I heard something that sounded very odd on the radio yesterday: news that Florida's governor had expressed his "gratitude" that lethal injection was once again legal, and his intention of getting a death warrant out there as quickly as possible.
I oppose the death penalty, for somewhat idiosyncratic reasons. Some of those reasons are well captured by the passage in The Plague where Tarrou talks about his father.
When I was seventeen my father asked me to come to hear him speak in court. There was a big case on at the assizes, and probably he thought I'd see him to his best advantage. Also I suspect he hoped I'd be duly impressed by the pomp and ceremony of the law and encouraged to take up his profession. I could tell he was keen on my going, and the prospect of seeing a side of my father's character so different from that we saw at home appealed to me. Those were absolutely the only reasons I had for going to the trial. What happened in a court had always seemed to me as natural, as much in the order of things, as a military parade on the Fourteenth of July or a school speech day. My emotions on the subject were purely abstract, and I'd never given it serious thought.
The only picture I carried away with me of that day's proceedings was a picture of the criminal. I have little doubt he was guilty--of what crime is no great matter. That little man of about thirty, with sparse, sandy hair, seemed so eager to confess everything, so genuinely horrified at what he'd done and what was going to be done iwth him, that after a few minutes I had eyes for nothing and nobody else. He looked like a yello owl scared blind by too much light. His tie was slightly awry, he kept biting his nails, those of one hand only, his right . . . I needn't go on, need I? You've understood--he was a living human being.
As for me, it came on me suddenly, in a flash of understanding; until then I'd thought of him only under his commonplace official designation, as 'the defendant." And though I can't say I quite forgot my father, soemthing seemed to grip my vitals at that moment and riveted all my attention on the little man in the dock. I hardly heard what was being said; I only knew that they were set on killing that living man, and an uprush of some elemental instinct, like a wave, had swept me to his side. And I did not really wak up until my father rose to address the court.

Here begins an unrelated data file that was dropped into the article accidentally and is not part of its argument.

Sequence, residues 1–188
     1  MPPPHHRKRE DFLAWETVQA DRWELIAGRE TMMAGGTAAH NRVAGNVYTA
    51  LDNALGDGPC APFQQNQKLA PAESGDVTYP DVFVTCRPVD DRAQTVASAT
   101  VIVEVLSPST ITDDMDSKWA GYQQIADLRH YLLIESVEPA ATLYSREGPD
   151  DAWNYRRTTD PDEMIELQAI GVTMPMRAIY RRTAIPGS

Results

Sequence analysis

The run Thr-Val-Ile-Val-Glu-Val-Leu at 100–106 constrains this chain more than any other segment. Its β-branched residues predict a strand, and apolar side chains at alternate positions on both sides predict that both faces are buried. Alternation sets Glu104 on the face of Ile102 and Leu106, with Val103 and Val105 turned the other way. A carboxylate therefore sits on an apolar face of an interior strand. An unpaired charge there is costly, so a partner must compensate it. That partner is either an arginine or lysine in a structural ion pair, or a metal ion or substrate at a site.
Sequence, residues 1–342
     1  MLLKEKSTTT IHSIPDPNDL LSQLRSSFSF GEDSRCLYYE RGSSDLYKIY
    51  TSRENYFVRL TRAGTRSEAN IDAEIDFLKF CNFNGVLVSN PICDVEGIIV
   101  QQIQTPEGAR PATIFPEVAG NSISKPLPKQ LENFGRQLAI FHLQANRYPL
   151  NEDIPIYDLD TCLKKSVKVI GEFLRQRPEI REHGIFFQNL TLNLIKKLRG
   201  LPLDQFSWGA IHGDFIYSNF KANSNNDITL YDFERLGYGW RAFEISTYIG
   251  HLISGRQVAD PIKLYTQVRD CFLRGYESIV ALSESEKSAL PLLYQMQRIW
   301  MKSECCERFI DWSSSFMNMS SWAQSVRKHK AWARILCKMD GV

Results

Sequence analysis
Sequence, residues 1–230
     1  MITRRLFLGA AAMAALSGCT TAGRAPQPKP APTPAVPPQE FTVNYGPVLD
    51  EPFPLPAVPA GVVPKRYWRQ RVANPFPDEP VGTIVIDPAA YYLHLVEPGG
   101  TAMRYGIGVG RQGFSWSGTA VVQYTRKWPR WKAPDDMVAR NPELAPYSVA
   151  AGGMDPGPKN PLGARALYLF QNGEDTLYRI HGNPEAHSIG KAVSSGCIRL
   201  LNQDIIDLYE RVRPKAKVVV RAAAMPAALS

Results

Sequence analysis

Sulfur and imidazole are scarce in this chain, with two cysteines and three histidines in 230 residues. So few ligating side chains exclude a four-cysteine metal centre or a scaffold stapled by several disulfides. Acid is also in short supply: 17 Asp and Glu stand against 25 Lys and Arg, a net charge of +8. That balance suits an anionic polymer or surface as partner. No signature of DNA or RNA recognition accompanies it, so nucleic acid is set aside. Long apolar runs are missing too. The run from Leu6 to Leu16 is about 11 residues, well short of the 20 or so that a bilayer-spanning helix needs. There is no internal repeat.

In his red gown he was another man, no longer genial or good-natured; his mouth spewed out long, turgid phrases like an endless stream of snakes. I realised he was clamoring for the prisoner's death, telling the jury that they owed it to society to find him guilty; he went so far as to demand that the man should have his head cut off. Not exactly in those words, I admit. 'He must pay the supreme penalty,' was the formula. But the difference, really, was slight, and the result the same. He had the head he asked for. Only of course it wasn't he who did the actual job. I, who saw the whole business through to its conclusion, felt a far closer, far more terrifying intimacy with that wretched man than my father can ever have felt.
Whether you are for or against the death penalty, an execution is a dire act. It seems odd to express gratitude that you can get back to it as quickly as possible.
On a related note, I have a stupid but well meant question: why are there so many problems with lethal injection? When my vet put my dog to sleep, he used a single shot which he assured me worked quickly and painlessly. Was he lying to me? And if he wasn't, what does my vet know that the State of Florida does not?